We could of course use a non-recharegeable lithium battery such as a CR1216 but in the holders these have much the same issue as the super capacitor, they are physically large, see picture.

Picture 1

In addition even a battery as physically big as the CR1216 only has a capacity of circa 25mAhr, so that would only keep the GPS (@15uA backup current) going for 70 days. A tracker based on this set-up would need it’s GPS battery replaced around every two months.

The answer to the problem is quite simple really. With the small lithium rechargeable or super capacitor options, then the backup power for the GPS is actually coming from the projects main battery, so why not use the main battery as the backup power source for the GPS ?

All we need to do is take a 3.3V supply from the project and feed this voltage via a diode to the GPS Vbackup supply. We then need to ensure that the 3.3V supply is present when the project (using the GPS) is in sleep mode. This is not difficult even if the project is using something like a TPL5110 to switch off \on the battery supply to the project. A low drop out regulator such as the MCP1711 has a quiescent current of 0.6uA, so that can be used to go between the projects battery and the GPS Vbackup supply without having a significant impact on total GPS backup current consumption.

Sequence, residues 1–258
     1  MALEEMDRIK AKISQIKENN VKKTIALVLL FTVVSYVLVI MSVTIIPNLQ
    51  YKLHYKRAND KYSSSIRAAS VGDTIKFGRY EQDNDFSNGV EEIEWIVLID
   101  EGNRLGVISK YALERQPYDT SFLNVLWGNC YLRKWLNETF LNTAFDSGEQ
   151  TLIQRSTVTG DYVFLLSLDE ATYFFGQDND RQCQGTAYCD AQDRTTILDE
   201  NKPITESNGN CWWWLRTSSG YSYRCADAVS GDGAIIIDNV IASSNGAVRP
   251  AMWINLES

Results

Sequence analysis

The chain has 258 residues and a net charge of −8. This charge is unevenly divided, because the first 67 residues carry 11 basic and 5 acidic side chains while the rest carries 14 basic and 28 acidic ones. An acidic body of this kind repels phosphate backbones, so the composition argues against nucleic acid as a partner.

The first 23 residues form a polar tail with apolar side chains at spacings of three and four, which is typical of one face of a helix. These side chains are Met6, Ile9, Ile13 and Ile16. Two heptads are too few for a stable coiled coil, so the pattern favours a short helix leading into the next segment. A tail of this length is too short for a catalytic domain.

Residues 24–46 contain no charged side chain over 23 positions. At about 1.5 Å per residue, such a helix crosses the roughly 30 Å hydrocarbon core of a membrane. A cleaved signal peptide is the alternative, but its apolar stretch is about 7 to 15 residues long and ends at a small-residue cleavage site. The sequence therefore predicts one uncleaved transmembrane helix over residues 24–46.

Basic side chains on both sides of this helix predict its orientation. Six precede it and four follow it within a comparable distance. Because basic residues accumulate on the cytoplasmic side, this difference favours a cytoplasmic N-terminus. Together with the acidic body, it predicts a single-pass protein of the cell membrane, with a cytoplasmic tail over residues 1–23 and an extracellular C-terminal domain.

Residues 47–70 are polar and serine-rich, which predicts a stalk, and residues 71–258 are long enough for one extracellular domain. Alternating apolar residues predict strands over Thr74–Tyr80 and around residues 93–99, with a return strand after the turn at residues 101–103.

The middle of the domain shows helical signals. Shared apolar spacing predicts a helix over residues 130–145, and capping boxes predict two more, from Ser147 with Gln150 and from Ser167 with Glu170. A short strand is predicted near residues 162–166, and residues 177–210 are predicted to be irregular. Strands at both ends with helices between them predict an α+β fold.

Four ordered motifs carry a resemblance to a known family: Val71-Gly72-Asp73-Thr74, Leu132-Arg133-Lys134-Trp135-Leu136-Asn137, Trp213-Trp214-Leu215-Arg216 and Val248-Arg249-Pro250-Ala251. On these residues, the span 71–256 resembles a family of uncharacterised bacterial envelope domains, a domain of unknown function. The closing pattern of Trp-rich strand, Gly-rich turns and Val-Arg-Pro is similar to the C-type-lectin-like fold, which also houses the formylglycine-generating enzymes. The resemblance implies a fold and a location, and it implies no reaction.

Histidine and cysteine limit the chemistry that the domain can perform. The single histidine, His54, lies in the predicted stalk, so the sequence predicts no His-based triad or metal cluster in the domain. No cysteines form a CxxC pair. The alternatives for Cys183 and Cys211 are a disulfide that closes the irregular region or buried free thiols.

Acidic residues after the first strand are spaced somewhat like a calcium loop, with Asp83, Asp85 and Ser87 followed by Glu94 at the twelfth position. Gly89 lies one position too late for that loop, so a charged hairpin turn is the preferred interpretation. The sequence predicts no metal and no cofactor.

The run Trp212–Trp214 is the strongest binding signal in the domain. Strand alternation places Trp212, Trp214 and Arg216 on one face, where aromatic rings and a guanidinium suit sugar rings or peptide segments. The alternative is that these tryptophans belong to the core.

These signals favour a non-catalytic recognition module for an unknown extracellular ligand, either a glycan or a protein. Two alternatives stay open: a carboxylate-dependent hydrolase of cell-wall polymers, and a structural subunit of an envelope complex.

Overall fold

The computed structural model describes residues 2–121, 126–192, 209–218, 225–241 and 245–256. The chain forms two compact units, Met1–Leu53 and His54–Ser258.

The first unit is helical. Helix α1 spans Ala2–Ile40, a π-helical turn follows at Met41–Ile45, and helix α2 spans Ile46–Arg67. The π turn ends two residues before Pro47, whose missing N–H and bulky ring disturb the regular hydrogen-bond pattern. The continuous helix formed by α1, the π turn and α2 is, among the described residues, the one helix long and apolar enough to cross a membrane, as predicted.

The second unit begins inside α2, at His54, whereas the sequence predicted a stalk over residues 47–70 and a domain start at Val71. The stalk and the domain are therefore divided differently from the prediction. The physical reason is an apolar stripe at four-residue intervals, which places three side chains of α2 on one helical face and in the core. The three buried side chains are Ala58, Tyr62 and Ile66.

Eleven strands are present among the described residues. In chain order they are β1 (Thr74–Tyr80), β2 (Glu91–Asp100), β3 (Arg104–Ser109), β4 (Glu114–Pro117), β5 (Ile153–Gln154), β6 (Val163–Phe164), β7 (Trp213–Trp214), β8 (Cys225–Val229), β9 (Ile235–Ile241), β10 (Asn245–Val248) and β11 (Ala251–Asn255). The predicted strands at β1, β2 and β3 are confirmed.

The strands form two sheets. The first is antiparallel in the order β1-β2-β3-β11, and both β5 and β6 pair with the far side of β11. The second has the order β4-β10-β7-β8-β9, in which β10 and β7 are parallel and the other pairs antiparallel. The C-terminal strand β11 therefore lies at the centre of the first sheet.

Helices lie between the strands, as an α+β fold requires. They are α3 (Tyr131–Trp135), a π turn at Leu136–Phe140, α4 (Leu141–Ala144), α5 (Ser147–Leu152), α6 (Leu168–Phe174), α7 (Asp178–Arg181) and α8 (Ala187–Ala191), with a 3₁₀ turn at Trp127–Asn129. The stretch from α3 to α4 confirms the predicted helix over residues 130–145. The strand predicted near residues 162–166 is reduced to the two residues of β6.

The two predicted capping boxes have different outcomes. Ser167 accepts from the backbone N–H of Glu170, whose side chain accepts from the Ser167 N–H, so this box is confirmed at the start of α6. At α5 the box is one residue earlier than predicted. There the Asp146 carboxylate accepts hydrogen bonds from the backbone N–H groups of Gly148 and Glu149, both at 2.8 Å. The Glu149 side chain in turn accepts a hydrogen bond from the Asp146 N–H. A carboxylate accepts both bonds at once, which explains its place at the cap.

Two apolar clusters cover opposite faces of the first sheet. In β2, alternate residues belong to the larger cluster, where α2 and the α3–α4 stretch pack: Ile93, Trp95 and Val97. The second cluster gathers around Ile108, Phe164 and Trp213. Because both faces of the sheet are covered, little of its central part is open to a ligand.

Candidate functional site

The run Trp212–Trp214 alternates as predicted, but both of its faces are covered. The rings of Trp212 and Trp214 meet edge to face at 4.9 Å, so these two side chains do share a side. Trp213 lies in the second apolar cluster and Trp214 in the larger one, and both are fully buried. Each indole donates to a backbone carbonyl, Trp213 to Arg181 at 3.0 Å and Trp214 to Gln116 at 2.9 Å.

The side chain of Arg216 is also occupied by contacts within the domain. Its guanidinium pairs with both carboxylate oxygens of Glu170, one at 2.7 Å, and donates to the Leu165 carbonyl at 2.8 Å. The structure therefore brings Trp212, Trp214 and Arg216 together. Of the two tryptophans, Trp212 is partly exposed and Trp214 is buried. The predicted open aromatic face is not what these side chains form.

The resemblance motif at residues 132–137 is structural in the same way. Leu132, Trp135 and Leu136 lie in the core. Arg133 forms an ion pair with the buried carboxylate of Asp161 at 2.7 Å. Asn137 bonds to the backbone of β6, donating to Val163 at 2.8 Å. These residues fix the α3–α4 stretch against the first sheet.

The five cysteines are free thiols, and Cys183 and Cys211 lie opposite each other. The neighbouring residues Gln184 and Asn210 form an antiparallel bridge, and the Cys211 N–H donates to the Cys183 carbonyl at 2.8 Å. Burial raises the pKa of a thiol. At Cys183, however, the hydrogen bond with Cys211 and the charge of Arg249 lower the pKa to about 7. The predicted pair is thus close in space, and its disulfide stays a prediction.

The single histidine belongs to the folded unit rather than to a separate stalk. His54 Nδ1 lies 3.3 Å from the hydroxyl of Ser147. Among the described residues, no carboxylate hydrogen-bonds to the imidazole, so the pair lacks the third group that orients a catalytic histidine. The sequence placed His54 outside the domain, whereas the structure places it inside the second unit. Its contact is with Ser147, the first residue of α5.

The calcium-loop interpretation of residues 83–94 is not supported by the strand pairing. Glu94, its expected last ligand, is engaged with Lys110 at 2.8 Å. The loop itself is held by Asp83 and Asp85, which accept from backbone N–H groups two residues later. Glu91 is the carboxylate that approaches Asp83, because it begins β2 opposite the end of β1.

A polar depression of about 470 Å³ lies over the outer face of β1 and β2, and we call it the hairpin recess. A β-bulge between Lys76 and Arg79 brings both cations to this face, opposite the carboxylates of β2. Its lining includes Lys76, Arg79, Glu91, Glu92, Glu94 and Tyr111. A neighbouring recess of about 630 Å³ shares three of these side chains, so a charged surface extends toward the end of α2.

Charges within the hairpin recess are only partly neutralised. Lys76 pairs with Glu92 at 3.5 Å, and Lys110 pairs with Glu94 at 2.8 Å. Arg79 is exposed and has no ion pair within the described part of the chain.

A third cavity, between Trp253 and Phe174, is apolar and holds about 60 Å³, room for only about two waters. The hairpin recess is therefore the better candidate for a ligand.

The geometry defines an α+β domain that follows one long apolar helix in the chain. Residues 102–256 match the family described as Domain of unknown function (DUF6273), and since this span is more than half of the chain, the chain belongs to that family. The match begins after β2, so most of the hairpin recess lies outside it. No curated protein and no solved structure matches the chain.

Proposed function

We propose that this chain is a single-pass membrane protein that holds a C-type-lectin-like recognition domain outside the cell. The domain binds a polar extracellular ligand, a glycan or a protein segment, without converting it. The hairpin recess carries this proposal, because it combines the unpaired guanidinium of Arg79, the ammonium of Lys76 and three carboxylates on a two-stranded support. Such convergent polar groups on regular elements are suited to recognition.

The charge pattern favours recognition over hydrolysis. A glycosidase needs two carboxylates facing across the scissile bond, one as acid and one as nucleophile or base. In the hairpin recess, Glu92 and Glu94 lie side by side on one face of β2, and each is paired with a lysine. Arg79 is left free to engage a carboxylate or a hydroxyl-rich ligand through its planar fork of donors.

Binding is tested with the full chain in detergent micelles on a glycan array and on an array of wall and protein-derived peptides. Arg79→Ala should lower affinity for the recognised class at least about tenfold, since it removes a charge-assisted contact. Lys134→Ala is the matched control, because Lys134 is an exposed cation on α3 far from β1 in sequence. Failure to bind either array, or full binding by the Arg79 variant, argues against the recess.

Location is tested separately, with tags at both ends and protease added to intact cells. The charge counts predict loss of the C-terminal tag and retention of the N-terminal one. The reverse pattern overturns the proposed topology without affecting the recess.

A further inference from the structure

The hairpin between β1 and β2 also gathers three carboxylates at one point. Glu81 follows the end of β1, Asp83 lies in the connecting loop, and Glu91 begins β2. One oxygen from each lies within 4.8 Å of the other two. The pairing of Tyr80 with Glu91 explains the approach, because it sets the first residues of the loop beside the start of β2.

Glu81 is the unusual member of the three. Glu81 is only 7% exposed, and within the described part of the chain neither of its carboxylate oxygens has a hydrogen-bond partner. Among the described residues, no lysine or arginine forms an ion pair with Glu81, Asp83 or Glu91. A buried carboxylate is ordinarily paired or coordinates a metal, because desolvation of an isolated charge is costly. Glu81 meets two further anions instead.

Whilst the solution to providing a long term GPS backup current is simple to implement, very few GPS breakout boards provide access to the GPS Vbackup pin, so you cannot feed in an external backup supply. For this reason I designed my own GPS breakout boards for the Quectel L70 and L80 GPS.

Picture 1

The L80 GPS has a slightly worse power performance than the L70, but it has its own ceramic patch antenna and easy to include in PCB designs and solder in place, I like it. The L70 has a balloon mode, for use up to an altitude of 80km, most GPSs cease to functioon above 18km.

Note: It should be noted that the vast majority of the GPSs modules reported on in this report will, if operated over several weeks, revert to cold fix mode due to failure of the backup supplies, that will in turn significantly increase power consumption.

GPS Hot Fix Performance